Facebook had been threatening to release its Instant Articles feature for about a year and earlier this week it did just that.
The social network’s almost timid release of Facebook Paper at the beginning of last year was the platform for the emergence of the internet giant’s news-reading application, which allows users to view articles from prestigious publishers such as ‘The Guardian’ and ‘The New York Times’ without leaving the application.
Whilst this seems all well and good on the face of it, concerns have been raised regarding the new app’s capacity to erode the power of publishers, as most of their views would come within the walls of Facebook.
There’s no doubt that Facebook’s intentions are good - there are so many publishers that rely on Facebook’s News-Feed for views, and with it often taking ages for them to load up, embedding articles within the app seems like a logical step forward.
It’s too early to say if the app’s going to be successful, it’s only been a few days after all, but Facebook will be hoping that they’ve learnt enough from Paper to make sure that the same mistakes don’t happen again. The main reason Paper failed was because it wasn’t synced with its main ‘big-blue’ app - it was a separate entity. This has been rectified with the release of Instant Articles and it’s hoped that this will be the catalyst for its success.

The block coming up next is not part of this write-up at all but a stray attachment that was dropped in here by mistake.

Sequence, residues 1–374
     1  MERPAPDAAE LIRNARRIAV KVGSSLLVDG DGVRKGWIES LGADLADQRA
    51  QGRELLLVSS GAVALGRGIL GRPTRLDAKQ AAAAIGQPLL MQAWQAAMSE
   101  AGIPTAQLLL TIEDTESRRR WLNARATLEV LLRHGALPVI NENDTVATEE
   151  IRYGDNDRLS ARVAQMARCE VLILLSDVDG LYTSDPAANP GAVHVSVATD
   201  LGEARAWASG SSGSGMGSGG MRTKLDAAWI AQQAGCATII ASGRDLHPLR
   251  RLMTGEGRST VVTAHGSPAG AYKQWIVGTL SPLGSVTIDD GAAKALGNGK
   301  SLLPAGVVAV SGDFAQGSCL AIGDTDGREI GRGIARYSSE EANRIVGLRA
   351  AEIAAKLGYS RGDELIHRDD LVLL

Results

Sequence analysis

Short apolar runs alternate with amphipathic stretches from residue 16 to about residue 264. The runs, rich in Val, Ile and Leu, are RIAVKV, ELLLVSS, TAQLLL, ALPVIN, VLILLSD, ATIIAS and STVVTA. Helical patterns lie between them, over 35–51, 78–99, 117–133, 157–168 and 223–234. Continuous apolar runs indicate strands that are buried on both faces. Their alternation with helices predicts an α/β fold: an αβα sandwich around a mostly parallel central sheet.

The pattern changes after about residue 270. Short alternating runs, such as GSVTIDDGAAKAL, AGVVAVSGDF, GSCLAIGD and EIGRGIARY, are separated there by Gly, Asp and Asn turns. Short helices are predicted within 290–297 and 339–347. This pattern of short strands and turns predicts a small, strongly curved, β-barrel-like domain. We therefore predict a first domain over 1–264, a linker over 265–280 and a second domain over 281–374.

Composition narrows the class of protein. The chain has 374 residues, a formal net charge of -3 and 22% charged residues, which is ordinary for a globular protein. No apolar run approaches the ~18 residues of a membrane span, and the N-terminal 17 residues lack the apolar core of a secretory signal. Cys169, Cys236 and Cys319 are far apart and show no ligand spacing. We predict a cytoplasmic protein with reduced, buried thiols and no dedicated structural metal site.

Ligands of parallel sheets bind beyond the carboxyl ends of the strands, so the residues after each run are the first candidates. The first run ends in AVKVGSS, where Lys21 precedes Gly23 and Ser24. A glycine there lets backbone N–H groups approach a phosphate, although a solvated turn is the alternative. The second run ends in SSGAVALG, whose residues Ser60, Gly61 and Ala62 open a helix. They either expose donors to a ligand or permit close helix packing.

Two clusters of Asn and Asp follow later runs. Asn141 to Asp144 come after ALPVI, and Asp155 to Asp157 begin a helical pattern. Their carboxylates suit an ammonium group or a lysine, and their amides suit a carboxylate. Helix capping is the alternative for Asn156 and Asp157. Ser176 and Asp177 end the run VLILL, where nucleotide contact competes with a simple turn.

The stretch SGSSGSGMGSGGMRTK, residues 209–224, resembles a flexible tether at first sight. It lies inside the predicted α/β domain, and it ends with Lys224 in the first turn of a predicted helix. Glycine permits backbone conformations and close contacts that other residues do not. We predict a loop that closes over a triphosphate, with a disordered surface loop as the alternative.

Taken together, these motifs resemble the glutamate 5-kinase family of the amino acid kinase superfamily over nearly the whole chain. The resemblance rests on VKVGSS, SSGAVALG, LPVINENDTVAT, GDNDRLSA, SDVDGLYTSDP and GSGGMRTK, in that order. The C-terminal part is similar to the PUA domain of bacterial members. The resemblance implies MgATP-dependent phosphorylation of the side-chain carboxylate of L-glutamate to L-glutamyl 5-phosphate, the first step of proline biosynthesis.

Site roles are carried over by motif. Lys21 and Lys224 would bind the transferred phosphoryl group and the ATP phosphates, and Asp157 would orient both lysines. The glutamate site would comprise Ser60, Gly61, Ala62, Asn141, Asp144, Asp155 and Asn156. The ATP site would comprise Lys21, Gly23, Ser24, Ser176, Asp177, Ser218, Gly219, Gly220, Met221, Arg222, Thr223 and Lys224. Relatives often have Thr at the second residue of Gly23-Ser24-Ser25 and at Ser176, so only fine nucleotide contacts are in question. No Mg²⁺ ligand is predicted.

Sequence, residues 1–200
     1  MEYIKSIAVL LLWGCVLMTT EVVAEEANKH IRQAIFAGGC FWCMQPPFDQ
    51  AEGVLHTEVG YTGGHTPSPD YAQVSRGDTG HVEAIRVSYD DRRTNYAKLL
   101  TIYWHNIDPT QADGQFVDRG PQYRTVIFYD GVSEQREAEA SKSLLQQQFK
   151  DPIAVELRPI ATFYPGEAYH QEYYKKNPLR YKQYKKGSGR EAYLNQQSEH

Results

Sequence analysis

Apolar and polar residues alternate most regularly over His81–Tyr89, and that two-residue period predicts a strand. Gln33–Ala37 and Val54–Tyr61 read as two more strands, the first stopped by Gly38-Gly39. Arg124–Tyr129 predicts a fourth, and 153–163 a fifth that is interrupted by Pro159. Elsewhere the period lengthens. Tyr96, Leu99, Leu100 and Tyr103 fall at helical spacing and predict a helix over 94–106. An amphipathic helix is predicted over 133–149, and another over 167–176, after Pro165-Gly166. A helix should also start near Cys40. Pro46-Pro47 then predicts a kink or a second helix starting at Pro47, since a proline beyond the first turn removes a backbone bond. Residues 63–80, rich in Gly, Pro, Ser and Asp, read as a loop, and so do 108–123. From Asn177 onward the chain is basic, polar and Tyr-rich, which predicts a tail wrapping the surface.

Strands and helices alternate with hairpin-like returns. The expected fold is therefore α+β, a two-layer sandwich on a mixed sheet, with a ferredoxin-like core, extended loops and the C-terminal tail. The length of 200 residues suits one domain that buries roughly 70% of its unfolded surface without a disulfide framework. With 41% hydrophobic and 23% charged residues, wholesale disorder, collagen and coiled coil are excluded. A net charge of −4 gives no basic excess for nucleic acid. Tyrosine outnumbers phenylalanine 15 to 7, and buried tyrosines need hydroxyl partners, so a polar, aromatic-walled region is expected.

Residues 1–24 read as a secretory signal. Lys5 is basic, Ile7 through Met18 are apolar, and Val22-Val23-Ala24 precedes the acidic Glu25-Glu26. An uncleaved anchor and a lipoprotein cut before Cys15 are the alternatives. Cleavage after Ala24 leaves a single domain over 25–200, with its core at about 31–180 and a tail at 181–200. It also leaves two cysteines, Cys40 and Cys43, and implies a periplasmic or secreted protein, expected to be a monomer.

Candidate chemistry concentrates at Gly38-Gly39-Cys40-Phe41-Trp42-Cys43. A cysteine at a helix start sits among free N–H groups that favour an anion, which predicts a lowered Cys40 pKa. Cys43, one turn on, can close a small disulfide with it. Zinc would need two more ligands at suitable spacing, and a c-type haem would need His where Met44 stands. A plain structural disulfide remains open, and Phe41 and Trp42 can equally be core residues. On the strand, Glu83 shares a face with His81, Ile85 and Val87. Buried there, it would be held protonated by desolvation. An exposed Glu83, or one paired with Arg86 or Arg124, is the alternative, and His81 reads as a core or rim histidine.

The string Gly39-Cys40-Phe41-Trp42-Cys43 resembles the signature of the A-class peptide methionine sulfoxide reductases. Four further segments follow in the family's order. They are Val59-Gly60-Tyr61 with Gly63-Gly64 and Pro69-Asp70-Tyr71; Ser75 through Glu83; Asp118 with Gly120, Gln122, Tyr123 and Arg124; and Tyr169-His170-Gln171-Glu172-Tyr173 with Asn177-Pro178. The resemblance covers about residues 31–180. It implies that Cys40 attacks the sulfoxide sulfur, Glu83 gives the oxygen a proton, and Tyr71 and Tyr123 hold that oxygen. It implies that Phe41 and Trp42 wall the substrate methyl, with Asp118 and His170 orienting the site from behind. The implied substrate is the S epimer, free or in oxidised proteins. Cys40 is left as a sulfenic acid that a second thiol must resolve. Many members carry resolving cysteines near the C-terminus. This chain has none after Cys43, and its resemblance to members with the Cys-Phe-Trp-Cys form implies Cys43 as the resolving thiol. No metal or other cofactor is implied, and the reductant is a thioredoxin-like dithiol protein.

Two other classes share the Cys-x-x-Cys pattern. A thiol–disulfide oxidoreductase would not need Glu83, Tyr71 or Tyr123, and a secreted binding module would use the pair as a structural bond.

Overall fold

Although you could understand why publishers would be hesitant about handing over their content to Facebook, the current terms and conditions are flexible. There’s not going to be any commitment needed on the publishers side to post a certain amount of articles per day, or is there a specific timeframe they have to work with Facebook for. It was also announced that the publishers which post content directly to the app will keep all the revenue they sell against the stories.
This has led many commentators to ponder where the revenue stream is coming from. This was referenced directly in an article on Wired;
‘The technology comes first [at Facebook], and the purpose—including the revenue—often comes later. In this way, Facebook operates like so many Internet, except that unlike so many of its Silicon Valley competitors, Facebook actually finds its way to the money-making part of the process’
The success of Instant Articles remains very much in the air, as does the strength of the impact that it’s going to have on the publishing industry. One thing’s for sure however, Google will be waiting with baited breath to see how successful it's going to be, because it’s more than possible that they could implement something similar.